United States District Court, D. Maryland
MEMORANDUM OPINION AND ORDER
XINIS UNITED STATES DISTRICT JUDGE.
before the Court is a partial Motion to Dismiss filed by
Defendants Raul Pacheco Quintanilla and Defendant Institute
for IntangibleSpring Corporation. The issues are fully
briefed and the Court now rules pursuant to Local Rule 105.6
because no hearing is necessary. The Court GRANTS in part and
DENIES in part the Defendants' motion.
RoyaltyStat, LCC (“RoyaltyStat”) is a limited
liability company organized under the laws of the State of
Maryland. RoyaltyStat provides its clients with a database of
intellectual property royalty rates used for pricing and
valuation in connection with litigation, corporate
bankruptcy, business development, and mergers and
acquisitions. ECF No. 1 at ¶ 5. On May 7, 2009,
Plaintiff registered the text of the RoyaltyStat database,
the “RoyaltyStat Royalty Tableau, ” with the
United States Copyright Office, ECF No. 1 at Exhibit C.
Plaintiff also currently seeks copyright registration in the
“[s]election, coordination, and arrangement in material
and data” and the “original text, material and
data, ” for the 2015 RoyaltyStat Royalty Tableau, ECF
No. 1 at Exhibit D.
Institute for IntangibleSpring Corp.
(“IntangibleSpring”) is a corporation organized
under the laws of the Republic of Panama. Defendant Raul
Pacheco Quintanilla (“Pacheco”), a resident of
Mexico, previously worked as an independent contractor for
RoyaltyStat and is a shareholder of IntangibleSpring. ECF No.
36. Pacheco was terminated for supposedly embezzling funds
from Plaintiff. ECF No. 1 at ¶¶ 27 & 28.
Plaintiff alleges that on three separate occasions in 2010
and 2011, prior to Pacheco's termination, Pacheco
downloaded RoyaltyStat's customer list and proprietary
data, and then formed a competitor business in August 2012,
IntangibleSpring, and some time thereafter began using this
information in violation of the Copyright Act, Lanham Act,
Maryland Uniform Trade Secrets Act, and common law contract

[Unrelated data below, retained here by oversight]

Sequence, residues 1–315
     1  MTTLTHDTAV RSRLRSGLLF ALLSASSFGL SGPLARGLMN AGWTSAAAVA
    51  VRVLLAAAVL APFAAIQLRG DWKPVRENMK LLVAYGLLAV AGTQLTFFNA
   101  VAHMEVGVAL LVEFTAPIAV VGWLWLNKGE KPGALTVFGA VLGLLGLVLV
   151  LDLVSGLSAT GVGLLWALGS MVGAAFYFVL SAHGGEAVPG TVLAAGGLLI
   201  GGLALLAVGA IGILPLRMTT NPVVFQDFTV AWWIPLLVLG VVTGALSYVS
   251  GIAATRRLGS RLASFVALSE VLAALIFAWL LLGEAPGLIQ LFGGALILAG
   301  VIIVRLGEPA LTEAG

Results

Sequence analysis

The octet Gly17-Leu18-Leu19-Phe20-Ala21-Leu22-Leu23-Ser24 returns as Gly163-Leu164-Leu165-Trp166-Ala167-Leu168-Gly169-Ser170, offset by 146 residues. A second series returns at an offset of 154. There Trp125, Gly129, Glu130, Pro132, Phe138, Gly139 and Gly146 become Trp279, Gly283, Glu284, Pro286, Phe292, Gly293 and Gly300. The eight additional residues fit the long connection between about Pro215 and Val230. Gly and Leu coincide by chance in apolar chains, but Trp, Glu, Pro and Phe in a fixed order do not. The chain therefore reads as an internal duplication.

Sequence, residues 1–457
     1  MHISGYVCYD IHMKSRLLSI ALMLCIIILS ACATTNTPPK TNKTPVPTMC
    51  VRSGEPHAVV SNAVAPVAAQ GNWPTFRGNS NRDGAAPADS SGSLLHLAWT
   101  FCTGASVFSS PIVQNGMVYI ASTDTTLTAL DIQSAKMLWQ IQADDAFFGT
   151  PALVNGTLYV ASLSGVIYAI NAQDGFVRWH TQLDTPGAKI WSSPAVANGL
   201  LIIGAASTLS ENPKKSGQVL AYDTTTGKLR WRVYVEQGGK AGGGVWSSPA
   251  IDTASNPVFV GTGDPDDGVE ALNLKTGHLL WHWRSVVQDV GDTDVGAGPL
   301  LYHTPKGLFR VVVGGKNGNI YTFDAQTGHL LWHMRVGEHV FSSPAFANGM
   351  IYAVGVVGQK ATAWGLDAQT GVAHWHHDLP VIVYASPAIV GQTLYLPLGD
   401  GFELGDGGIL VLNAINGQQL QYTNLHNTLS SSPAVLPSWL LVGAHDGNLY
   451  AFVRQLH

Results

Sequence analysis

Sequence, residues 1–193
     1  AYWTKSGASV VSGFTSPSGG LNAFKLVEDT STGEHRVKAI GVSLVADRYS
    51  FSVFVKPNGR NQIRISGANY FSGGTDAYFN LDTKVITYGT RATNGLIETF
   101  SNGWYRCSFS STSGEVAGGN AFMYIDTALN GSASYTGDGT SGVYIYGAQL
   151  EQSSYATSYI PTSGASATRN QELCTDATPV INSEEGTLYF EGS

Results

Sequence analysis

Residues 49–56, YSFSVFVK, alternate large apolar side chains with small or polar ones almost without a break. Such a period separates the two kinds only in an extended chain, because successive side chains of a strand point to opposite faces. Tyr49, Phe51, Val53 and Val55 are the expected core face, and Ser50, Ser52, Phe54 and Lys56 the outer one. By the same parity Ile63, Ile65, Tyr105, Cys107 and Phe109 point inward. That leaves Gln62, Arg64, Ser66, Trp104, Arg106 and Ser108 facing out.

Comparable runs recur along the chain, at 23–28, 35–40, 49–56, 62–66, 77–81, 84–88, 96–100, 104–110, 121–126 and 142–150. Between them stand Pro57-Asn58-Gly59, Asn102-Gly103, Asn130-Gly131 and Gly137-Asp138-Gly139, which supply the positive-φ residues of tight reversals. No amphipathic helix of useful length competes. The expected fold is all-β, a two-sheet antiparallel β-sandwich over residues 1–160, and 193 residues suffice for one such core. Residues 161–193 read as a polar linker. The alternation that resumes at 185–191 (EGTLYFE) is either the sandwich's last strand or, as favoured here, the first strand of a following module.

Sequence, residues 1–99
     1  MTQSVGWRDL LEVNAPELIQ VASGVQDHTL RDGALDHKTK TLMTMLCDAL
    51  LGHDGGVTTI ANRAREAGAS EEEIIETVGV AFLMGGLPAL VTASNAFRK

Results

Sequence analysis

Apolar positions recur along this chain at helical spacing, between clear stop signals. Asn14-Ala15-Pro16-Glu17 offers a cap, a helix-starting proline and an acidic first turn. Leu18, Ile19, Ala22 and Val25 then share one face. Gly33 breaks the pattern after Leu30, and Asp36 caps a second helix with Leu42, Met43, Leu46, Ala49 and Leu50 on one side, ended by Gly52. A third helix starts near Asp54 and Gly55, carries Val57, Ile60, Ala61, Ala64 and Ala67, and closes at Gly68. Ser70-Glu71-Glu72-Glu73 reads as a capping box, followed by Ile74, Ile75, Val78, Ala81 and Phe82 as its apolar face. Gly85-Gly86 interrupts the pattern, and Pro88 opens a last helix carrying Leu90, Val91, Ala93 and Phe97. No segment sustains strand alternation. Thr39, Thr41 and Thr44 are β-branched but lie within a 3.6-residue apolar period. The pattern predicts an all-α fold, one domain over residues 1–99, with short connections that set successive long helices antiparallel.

claims. See generally ECF No. 1. Plaintiff first
learned of Defendants' use of Plaintiff's business
information in April 2013, and filed this suit on December
23, 2015. Id.
STANDARD OF REVIEW
motion to dismiss for failure to state a claim under Federal
Rule of Civil Procedure 12(b)(6) is properly granted when the
complaint fails to include sufficient factual allegations to
render the plaintiff's claims facially plausible or
permit reasonable inference that the defendant is liable for
the alleged misconduct. See Ashcroft v. Iqbal, 556
U.S. 662, 678-79 (2009). A court may also grant a 12(b)(6)
motion on statute of limitations grounds, but “only
‘if the time bar is apparent on the face of the
complaint.' ” Semenova v. Maryland Transit
Admin., 845 F.3d 564, 567 (4th Cir. 2017) (quoting
Dean v. Pilgrim's Pride Corp., 395 F.3d 471, 474
(4th Cir. 2005). In assessing the complaint, the Court takes
as true all well-pleaded factual allegations and makes all
reasonable inferences in the favor of the plaintiff.
Philips v. Pitt Cty. Mem. Hosp., 572 F.3d 176, 180
(4th Cir. 1999).
the plaintiff's well-pleaded facts are afforded deference
at this stage, the Court does not credit legal conclusions,
even when the plaintiff purports them to be allegations of
fact. See Iqbal, 556 U.S. at 678-79; Giarrantano
v. Johnson, 521 F.3d 298, 302 (4th Cir. 2008). From the